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Subordinators and Supradialectal Formulas in the Dialectal Inscriptions from Mainland Greece (Excluding Attica)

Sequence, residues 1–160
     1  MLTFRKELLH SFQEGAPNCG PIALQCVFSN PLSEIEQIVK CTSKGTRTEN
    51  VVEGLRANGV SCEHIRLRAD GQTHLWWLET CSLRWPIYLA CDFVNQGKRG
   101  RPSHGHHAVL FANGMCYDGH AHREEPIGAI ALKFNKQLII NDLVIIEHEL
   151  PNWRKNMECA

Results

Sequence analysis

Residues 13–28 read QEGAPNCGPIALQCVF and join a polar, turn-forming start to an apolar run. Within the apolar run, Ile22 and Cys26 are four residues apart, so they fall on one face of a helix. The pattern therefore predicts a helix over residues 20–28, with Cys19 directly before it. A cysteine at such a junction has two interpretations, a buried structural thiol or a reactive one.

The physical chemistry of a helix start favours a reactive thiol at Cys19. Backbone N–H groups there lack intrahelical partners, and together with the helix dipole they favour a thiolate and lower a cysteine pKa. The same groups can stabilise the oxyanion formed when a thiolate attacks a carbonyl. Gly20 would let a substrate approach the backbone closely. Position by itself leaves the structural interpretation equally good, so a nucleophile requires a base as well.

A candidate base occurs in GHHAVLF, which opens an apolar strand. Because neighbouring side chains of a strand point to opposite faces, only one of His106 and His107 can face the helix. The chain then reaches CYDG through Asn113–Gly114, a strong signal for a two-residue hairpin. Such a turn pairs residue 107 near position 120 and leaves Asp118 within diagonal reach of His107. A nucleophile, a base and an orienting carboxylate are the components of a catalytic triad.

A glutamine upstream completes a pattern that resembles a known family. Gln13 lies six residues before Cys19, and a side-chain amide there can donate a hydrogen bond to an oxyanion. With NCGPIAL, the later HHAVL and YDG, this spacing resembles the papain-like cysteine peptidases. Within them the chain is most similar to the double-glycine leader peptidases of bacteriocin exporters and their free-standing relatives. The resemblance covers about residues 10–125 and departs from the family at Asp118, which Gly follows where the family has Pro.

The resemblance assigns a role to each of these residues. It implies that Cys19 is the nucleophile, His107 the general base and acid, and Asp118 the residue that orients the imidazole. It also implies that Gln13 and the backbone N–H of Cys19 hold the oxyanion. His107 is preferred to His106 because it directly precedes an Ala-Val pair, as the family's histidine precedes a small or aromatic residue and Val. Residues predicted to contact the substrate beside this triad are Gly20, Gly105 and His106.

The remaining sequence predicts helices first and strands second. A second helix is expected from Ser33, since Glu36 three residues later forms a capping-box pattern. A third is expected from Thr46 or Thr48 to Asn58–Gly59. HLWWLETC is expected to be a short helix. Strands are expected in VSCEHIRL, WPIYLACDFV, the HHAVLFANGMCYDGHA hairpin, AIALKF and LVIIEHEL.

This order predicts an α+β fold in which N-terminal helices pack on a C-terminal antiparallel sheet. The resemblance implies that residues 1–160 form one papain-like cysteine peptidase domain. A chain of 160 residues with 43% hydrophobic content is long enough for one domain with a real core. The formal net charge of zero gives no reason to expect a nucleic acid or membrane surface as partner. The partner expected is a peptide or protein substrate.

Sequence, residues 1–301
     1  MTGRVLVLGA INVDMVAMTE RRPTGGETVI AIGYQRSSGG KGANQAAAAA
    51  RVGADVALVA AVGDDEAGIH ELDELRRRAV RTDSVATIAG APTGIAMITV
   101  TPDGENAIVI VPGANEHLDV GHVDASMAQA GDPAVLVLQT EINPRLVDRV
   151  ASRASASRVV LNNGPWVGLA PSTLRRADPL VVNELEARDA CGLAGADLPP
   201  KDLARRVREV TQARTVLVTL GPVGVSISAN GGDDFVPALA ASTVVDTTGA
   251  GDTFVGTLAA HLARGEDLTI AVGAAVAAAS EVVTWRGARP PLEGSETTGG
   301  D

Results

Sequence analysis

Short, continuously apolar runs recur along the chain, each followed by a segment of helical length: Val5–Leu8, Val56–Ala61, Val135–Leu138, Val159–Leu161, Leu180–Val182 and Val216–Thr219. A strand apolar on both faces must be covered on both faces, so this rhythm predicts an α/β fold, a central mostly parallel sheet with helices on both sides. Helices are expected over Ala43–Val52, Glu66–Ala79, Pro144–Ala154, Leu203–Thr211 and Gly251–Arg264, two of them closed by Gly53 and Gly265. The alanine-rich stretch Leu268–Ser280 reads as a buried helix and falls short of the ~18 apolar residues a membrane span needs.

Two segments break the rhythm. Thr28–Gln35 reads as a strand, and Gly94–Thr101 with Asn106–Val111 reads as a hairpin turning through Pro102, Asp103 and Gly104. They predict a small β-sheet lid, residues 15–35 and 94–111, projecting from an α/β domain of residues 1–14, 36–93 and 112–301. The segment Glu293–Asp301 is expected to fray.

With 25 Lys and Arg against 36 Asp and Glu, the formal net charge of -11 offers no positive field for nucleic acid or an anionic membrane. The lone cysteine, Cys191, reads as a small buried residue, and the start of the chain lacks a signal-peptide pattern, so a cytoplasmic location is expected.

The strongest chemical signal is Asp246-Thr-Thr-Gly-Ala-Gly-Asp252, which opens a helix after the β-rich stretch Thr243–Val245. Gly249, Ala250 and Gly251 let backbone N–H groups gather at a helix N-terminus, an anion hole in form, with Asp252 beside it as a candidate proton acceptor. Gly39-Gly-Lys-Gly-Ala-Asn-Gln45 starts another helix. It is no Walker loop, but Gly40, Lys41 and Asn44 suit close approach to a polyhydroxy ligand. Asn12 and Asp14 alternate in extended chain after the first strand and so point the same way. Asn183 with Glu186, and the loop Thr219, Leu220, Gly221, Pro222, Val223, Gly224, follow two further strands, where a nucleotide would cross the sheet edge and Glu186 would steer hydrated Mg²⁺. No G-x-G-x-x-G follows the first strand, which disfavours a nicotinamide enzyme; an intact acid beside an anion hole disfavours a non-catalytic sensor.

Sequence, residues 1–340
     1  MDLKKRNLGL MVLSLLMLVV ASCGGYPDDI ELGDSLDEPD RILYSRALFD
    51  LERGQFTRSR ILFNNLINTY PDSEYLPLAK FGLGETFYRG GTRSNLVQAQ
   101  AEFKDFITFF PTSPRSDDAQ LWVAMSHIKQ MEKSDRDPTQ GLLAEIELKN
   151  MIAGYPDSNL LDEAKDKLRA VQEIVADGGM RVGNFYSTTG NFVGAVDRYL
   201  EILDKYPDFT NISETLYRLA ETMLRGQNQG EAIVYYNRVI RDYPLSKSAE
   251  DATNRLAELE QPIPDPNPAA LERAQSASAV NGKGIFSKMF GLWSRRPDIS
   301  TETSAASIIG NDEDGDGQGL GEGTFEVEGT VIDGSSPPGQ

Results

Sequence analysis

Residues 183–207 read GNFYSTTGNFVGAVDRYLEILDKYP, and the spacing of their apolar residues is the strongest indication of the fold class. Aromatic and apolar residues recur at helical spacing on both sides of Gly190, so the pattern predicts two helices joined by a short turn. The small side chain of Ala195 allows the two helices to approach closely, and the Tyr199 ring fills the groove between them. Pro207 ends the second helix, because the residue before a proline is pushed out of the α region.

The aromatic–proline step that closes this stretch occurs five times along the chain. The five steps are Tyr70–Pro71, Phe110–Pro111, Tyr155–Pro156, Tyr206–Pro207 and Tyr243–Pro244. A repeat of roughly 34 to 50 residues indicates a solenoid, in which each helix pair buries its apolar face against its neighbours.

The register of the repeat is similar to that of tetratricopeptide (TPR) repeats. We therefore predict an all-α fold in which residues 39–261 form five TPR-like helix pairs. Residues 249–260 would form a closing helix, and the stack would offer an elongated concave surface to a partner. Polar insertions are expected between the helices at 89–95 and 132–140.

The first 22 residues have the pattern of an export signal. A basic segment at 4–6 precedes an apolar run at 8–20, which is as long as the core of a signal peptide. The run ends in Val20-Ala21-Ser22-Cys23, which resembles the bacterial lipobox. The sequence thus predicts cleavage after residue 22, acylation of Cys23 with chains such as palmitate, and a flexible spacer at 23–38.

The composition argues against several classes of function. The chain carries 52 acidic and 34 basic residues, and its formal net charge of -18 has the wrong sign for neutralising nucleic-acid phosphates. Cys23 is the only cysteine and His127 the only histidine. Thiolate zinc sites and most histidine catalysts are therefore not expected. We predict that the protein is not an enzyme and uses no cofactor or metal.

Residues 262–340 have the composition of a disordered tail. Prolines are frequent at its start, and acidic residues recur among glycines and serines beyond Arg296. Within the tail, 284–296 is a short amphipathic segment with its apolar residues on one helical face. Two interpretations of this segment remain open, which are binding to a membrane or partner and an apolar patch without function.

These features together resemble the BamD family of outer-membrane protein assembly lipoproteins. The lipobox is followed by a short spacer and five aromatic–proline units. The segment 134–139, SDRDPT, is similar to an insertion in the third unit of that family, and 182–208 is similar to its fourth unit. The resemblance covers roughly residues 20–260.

In this dissertation, I investigated the usage of subordinators in Ancient Greek dialectal inscriptions and their interactions with supradialectal formulas, i.e., relatively fixed expressions shared across dialectal borders. Subordinators are grammatical elements and therefore are expected to behave in a systematic manner; supradialectal formulas are expected to provide a “test tube”, revealing how different dialects express the same notion. As the first step, I compiled an up-to-date collection of known attestations of subordinators in the dialects of Mainland Greece. Using this collection, I investigated the interactions of local dialects and the standard language in the contexts of fixed expressions and creative composition. In some cases, the confinement of a subordinator into a fixed expression suggests its inactive status in the dialect, and in contrast, the active status of a subordinator is illustrated by its appearances in supradialectal formulas replacing non-local subordinators. Uses of non-local subordinators often result from the predominance of the standard language, but sometimes from the borrowing of phraseological units as a whole rather than the borrowing of the subordinator alone.

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